How to Setup and Use Organizer & Filing Systems – ADD Coping Skills

Organizing and planning are normal parts of everyday life. Why be organized?

    So you can spend less time looking for things, more time ENJOYING things and being more productive.
    -So you can stop feeling anxious and overwhelmed when you cant find something and feel overjoyed instead at knowing exactly where your possessions are!
    -So you can get more accomplished and earn more money
    -So you can lighten stress levels resulting from wasted “searching” for things, from being late, unprepared, harried angry. And instead reap benefits from improved relationships at home, at work, at social function.

But what happens in the world of ADD is this. There are normal cognitive (or brain) functions that control learning and behavioral activities; the top three of these functions are working memory (or the maintaining of information that was just seen or heard), sense of time and organization. People who have ADD often have trouble dealing with these three functions. The results? Lack of good, solid planning and time management skills, often hurting their job, home and social responsibilities.

There are a few basic steps for setting up and using organizer and filing systems to help people with ADD. These are only general guidelines and can be adjusted to suit individual needs. Seek help from a trusted friend, educator or other person who uses successful planning strategy, or check with professional organizational companies.

Planners Planning systems can help people calm down and focus more on real-time, day-to-day activities. They need to be used for short-term and long-term planning. Look over options available in your price ranges at planning departments and stores like Day-Timers and Franklin Covey, and online. There are print planners and planner software for computers and handheld computers. And check with the local librarian and search online for books, forms and other resources that may be available for creating our own planner pages on your computer or word processor. Pencil and paper work fine, too.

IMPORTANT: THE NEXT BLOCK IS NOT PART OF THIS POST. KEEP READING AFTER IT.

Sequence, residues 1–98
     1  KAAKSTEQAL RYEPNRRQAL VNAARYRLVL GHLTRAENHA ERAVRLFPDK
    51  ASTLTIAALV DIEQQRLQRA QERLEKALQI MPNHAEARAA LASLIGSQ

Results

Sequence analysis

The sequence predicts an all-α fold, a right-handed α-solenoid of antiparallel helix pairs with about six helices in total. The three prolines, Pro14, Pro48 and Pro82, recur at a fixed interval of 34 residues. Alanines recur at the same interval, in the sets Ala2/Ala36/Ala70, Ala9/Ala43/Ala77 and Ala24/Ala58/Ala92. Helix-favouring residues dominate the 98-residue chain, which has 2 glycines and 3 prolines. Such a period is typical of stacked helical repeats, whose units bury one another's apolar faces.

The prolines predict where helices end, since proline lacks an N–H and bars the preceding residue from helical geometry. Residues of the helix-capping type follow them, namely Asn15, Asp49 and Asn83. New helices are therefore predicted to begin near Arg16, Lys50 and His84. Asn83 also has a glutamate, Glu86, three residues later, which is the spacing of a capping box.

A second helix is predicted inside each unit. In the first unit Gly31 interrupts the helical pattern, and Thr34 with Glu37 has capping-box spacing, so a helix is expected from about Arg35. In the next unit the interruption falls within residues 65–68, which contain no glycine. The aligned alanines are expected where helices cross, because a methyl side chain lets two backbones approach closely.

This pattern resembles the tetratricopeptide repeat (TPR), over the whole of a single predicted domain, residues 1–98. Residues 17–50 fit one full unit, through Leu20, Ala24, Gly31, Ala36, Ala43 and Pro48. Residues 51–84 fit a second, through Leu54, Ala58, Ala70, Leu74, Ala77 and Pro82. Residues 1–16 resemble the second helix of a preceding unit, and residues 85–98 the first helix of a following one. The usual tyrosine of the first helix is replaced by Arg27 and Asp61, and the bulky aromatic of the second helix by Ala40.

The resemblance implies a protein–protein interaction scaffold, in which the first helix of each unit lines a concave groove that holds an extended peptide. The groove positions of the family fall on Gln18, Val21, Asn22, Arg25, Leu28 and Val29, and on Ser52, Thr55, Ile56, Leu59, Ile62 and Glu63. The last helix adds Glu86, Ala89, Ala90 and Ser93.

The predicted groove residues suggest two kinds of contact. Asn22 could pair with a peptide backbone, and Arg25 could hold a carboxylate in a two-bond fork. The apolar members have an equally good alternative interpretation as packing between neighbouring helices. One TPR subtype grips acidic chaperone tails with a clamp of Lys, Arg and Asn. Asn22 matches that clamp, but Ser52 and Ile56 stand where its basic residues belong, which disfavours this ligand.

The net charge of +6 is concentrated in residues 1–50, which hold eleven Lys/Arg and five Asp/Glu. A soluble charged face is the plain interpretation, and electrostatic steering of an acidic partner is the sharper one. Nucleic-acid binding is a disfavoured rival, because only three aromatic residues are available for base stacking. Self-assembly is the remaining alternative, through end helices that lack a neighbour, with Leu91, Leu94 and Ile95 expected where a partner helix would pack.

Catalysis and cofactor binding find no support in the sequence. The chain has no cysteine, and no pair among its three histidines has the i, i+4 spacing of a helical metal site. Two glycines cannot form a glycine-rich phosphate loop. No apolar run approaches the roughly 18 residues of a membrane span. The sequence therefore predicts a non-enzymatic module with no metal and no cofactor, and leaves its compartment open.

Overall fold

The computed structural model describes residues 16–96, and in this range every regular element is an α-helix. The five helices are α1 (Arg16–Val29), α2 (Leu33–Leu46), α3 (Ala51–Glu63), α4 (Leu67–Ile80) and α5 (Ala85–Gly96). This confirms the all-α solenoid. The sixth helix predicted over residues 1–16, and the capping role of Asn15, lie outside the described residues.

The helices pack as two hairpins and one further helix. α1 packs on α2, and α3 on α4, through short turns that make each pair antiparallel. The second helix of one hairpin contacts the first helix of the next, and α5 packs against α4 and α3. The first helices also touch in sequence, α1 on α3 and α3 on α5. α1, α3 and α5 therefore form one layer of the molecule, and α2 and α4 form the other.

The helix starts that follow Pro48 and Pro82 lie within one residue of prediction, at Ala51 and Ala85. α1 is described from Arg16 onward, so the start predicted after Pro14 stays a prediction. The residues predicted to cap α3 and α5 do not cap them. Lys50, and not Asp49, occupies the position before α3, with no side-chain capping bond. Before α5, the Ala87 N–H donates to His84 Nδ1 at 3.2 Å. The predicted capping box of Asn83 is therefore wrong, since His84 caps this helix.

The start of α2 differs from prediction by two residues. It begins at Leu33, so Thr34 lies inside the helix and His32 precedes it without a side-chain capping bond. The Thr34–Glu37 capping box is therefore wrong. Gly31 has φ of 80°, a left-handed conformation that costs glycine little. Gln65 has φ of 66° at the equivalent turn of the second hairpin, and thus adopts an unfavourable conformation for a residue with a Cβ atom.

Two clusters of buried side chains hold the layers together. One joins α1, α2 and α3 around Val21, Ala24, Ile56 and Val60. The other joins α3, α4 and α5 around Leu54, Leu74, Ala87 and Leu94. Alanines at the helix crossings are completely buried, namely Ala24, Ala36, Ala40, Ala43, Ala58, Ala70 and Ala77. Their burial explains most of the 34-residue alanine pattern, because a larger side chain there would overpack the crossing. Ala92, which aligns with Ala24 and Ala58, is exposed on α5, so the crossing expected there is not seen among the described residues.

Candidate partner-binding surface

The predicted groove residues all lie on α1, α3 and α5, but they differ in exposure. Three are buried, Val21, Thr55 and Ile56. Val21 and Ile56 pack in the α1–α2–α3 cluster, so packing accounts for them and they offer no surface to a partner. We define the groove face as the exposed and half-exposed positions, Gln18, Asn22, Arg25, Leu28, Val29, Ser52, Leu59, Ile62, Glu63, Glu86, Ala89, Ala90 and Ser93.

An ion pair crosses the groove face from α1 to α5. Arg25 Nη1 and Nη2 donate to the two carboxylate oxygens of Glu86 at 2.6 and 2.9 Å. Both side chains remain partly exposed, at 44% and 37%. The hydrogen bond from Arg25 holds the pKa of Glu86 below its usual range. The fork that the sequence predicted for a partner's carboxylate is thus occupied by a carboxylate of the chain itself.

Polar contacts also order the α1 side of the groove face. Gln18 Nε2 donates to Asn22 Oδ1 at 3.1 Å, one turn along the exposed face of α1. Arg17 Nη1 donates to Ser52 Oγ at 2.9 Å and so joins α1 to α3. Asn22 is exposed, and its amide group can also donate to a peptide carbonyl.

Many planners have instructions to help guide you through setting up a system. (If you are using pencil and paper, find a library book or guide to help you). Choose the calendar pages youd like: some planners offer variations, like choosing between daily, weekly or monthly planning sheets.

To begin, daily sheets are a good choice so that you have plenty of room to jot down information. Monthly sheets only offer small-boxed areas the size of a calendar for writing down information, whereas daily pages offer one full page per day, usually sectioned off in hourly segments to log your meetings, classes, work and other functions. Fill out any contact information page in case you misplace your planner, then fill in any resource contacts youd like in the back (like phone numbers for relatives, clients, doctors, etc.).

To-Do Lists Work with your ADD or helping coach to create To-Do lists. Keep it simple and start with the top three priorities each day. Add to the list as needed. Then for up to 15 minutes a day, spend time transferring these tasks to your calendar pages and prioritizing them, so you have a strategy for handling each day. Use colored markers and stickers to help and make planning fun. For example, highlight top the three top priority To-Dos each day in RED. Less important items that dont necessarily need completed that day could be highlighted in YELLOW.

Alarm Systems To coordinate your schedule, be pro-active. Use an alarm clock and plan on enough time to get up to get ready for work or school. For meetings, appointments and other timed functions throughout the day, get or learn how to set your watch alarm or cell phone alarm (on vibrate mode, if sound will disrupt a class or something). Dont leave timing to chance and guessing. Take charge!

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